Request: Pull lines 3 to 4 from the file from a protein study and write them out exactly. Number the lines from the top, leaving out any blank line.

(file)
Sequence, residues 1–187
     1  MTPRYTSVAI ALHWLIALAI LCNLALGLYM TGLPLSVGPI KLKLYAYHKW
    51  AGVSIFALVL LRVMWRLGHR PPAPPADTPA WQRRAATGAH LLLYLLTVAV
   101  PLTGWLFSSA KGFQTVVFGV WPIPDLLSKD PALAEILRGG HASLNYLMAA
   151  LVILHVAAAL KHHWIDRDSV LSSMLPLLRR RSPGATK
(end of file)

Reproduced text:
    51  AGVSIFALVL LRVMWRLGHR PPAPPADTPA WQRRAATGAH LLLYLLTVAV
   101  PLTGWLFSSA KGFQTVVFGV WPIPDLLSKD PALAEILRGG HASLNYLMAA